product placement, part one
They're back! My favourite sketchbooks, John Purcell Paper's beautiful hardbound volumes of 300gsm hot pressed watercolour paper (catalogue numbers SK530H, SK430H and SK330H), are available again after a long and painful absence (they spent a long while finding a new binder after the previous one retired). They disappeared from the few shops that stocked them years ago and I'd given up on their ever returning after a couple of years' sporadic correspondence with JPP (once every six months I would email to the effect of "any news?" and they would email back to the effect of "sorry, no"). But during my traumatic teaching experience the other week a couple of students had asked where I got my sketchbooks and, having solemnly informed them that they were no longer made, it occurred to me to wonder if that was indeed still the case. Happily I was wrong.
They are quite ridiculous items for me to use: I rarely, if ever, use any form of paint in my sketchbooks so there's really no need for me to use such an extravagant weight of paper and for day to day work it makes more sense to use loose sheets or a sketchbook with perforated pages. And yet, and yet... I am smitten with them and have just taken delivery of enough of them to last me until about 2014. And this gives me pleasure.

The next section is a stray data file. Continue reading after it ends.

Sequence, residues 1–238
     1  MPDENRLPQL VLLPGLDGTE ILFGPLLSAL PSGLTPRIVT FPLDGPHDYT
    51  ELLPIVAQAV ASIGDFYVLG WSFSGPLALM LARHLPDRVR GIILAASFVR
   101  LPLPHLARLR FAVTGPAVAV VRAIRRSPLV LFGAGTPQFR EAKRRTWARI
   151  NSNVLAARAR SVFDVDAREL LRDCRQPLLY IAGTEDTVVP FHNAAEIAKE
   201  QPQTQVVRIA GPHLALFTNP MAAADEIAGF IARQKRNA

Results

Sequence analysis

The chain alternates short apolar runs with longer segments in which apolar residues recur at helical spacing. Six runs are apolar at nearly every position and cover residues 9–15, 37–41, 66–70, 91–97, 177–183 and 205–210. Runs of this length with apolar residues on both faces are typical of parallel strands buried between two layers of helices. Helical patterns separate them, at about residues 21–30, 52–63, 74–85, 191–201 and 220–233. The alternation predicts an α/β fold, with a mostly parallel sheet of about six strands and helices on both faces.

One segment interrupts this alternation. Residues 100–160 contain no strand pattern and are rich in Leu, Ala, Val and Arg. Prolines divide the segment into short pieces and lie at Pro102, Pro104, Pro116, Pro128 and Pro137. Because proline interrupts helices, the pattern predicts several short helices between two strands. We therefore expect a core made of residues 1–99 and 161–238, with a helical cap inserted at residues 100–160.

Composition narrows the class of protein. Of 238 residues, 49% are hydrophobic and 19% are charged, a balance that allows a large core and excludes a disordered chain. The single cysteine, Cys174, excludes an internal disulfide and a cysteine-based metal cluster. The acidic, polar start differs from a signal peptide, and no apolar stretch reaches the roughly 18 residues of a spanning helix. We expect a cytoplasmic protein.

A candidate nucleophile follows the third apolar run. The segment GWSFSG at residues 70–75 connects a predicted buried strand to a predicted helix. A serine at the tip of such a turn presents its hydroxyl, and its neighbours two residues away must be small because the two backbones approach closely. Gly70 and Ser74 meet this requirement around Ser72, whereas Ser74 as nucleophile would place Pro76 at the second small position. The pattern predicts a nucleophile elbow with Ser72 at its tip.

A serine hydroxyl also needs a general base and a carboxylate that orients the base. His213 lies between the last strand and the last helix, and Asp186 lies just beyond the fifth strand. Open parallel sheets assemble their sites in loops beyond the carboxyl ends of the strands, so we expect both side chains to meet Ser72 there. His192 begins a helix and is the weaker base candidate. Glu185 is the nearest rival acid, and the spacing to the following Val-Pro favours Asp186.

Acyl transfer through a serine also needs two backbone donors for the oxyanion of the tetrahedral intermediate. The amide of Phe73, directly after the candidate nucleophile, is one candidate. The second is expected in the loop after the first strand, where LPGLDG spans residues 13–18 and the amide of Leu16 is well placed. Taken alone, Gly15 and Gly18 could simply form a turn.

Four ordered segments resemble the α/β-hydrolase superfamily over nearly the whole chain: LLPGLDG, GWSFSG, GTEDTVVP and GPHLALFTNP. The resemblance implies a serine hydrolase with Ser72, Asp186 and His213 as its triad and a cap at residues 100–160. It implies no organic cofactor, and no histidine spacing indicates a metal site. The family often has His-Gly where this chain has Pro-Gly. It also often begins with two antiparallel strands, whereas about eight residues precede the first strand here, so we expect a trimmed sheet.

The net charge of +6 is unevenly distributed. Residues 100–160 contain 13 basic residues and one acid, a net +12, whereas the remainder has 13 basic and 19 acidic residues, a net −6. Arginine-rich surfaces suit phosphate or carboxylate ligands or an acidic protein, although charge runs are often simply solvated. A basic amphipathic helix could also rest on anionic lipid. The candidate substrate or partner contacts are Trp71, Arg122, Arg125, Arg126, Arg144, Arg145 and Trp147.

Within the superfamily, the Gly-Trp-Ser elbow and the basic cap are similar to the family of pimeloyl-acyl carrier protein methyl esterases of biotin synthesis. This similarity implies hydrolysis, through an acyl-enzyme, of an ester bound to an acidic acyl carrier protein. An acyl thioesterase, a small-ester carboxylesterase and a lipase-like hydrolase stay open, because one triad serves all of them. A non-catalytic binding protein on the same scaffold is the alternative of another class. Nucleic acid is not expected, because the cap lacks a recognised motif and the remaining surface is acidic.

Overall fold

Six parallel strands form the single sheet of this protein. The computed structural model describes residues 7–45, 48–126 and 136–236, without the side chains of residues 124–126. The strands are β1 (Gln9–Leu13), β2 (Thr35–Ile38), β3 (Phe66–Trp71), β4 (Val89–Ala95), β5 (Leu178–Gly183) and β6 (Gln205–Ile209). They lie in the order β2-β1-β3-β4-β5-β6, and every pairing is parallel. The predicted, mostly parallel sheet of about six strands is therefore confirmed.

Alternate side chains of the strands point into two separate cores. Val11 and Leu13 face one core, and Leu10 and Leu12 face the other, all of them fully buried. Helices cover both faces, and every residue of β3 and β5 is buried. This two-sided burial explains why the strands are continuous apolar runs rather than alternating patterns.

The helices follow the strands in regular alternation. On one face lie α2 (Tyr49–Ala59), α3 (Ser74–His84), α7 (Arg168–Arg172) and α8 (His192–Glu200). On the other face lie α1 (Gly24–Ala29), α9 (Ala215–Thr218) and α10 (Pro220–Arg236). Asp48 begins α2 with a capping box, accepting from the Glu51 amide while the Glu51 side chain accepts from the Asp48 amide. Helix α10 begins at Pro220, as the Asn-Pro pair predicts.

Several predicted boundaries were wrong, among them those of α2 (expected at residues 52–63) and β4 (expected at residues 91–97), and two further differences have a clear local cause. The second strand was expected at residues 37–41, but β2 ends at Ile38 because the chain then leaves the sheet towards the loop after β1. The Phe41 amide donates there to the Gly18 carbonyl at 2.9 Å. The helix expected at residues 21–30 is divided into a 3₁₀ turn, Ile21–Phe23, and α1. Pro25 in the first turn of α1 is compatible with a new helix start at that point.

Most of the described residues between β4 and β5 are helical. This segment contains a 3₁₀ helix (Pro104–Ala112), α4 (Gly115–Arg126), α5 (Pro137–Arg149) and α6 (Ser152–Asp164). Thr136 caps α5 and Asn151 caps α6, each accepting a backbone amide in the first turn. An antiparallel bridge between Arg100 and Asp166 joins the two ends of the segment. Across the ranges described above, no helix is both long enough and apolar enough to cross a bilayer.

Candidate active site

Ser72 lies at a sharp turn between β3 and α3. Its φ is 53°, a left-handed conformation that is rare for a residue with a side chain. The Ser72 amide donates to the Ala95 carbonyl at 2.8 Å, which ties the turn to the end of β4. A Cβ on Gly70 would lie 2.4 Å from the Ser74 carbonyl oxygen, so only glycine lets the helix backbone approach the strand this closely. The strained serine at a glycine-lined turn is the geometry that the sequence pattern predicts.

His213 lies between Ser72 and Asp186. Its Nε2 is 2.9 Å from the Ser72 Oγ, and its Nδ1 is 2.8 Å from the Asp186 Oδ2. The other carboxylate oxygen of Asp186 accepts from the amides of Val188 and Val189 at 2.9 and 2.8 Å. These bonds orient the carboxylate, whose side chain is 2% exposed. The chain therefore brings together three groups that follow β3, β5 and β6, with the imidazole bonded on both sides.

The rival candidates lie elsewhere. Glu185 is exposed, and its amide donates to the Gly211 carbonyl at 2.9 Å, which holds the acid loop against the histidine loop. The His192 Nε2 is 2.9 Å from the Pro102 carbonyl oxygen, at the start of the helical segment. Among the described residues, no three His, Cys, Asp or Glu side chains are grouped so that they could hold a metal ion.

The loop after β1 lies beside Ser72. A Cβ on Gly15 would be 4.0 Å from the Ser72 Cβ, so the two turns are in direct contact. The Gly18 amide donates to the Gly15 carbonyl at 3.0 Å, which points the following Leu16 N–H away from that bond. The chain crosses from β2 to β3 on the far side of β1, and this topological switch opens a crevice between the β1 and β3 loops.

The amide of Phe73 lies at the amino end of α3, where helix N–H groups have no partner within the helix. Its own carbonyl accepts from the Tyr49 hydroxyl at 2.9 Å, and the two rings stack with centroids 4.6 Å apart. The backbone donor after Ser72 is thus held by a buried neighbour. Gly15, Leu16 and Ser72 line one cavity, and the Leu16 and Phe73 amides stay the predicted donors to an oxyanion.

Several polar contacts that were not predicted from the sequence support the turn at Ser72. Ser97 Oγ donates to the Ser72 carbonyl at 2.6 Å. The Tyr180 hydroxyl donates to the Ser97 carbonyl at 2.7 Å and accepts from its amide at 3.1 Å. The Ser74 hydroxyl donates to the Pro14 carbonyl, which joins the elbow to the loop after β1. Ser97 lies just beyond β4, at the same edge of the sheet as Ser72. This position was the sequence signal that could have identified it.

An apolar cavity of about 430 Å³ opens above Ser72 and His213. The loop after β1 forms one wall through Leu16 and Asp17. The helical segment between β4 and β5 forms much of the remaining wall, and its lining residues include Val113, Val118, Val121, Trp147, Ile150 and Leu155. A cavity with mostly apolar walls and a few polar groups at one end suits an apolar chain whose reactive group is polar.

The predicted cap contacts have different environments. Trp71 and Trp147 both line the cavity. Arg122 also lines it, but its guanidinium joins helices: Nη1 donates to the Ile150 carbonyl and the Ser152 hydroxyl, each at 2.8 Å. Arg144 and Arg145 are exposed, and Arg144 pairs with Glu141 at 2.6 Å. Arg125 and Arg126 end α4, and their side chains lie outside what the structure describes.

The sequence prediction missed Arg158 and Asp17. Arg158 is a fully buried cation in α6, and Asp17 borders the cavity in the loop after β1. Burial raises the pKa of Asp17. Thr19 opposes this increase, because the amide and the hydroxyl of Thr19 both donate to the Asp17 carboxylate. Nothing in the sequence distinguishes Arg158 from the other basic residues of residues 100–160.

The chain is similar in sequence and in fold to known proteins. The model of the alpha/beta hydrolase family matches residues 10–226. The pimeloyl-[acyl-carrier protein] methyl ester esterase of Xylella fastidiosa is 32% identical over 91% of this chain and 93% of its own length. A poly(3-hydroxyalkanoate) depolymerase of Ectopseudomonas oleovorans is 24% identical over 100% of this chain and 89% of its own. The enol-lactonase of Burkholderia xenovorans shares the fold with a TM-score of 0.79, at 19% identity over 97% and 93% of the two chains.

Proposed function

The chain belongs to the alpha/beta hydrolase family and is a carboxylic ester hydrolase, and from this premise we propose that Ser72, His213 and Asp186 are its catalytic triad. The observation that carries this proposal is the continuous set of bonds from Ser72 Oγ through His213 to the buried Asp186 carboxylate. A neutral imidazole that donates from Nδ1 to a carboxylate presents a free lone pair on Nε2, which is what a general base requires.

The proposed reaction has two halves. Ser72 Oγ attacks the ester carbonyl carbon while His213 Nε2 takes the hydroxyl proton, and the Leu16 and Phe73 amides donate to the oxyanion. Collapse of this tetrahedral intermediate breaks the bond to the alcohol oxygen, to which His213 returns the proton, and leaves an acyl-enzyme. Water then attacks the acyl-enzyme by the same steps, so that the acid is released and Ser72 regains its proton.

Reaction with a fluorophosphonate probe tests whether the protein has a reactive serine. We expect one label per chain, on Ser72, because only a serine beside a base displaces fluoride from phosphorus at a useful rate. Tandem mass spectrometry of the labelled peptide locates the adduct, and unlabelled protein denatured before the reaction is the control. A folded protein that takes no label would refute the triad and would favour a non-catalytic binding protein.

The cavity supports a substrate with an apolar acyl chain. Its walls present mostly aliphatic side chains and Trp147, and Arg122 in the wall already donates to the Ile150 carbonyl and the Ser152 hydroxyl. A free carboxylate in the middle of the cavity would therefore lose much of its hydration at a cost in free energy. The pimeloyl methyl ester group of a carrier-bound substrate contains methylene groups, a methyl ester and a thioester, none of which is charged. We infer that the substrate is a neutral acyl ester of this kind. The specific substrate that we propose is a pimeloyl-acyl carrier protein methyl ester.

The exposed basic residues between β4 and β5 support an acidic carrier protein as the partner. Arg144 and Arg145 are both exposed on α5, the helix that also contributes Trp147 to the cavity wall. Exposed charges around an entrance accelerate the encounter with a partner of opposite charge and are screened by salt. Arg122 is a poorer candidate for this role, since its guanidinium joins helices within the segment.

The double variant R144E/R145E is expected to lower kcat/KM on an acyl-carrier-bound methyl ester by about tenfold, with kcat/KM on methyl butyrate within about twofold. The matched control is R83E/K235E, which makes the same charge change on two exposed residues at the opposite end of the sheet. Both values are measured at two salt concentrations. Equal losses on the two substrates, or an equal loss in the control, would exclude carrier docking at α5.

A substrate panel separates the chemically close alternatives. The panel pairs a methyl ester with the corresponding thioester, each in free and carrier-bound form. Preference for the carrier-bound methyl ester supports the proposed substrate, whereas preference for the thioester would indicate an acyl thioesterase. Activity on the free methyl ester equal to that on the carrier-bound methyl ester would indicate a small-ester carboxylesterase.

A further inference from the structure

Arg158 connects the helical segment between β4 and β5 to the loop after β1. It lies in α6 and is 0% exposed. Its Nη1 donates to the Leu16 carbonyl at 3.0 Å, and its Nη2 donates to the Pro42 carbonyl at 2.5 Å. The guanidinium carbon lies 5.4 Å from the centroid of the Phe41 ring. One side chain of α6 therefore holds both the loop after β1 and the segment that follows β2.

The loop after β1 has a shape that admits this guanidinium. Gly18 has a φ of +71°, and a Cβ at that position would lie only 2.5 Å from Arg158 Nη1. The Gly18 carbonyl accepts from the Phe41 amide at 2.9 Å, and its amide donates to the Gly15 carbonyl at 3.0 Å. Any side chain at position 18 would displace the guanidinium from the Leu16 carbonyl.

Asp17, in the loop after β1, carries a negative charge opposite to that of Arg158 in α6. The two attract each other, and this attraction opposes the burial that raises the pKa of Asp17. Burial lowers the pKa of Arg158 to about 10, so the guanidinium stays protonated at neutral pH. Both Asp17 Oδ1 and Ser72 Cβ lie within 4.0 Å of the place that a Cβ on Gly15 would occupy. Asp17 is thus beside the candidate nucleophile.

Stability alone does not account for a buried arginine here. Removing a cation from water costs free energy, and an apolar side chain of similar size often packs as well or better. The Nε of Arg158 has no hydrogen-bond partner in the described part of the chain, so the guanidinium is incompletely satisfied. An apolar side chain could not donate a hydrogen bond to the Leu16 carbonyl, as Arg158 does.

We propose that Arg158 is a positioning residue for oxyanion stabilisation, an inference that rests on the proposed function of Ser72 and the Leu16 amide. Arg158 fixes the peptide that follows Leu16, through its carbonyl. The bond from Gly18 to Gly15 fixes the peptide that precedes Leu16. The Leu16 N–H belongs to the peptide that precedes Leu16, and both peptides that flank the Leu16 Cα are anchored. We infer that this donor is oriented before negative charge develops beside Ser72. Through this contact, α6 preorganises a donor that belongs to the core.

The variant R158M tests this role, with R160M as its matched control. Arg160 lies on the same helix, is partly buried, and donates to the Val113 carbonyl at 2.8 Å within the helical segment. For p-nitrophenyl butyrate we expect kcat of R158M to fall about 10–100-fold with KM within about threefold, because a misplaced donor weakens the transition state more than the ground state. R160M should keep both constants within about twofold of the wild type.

Also of note: how pleasant to deal with a small company; to phone up and talk to a real human being directly and to have exactly what I asked for turn up on the day we agreed (the real human being having thought to make sure that the books would arrive on a day when I would actually be in - not normally an issue with me, of course, but in this instance I was in smelly London yesterday so it was as well she asked). Tip top service.
Wednesday, February 15, 2006
life of a pen, page seven
Wednesday, February 08, 2006
Sorry, it's been all drawings and very few words recently. I'll gabble on a bit now in recompense. I have a little time to spare at present as the one paying job I have on the go at the moment, the cover for the third of Joshua Doder's Grk books, is in a brief hiatus while I await reactions to the latest set of roughs.
I meant last week to recommend to you some of the cultural gubbins I consumed: Richard Thompson a singin' and a playin' on Monday (very good, as always - this was about the seventh time I'd seen him I think) and a rare unforced trip to the legitimate theatre on Tuesday to see Amelia Bullmore's play Mammals (very good but I didn't really understand why the whole thing had to be performed so bloody fast - I felt like it would have worked better if there was a pause now and again, a moment to breathe. Like I know anything about this stuff). Also, prior to the play I saw Anna Chancellor (who was in it) on a bicycle. So that was good. Anyway, yes, I meant to tell you about those things but obviously it's a bit late now so I won't.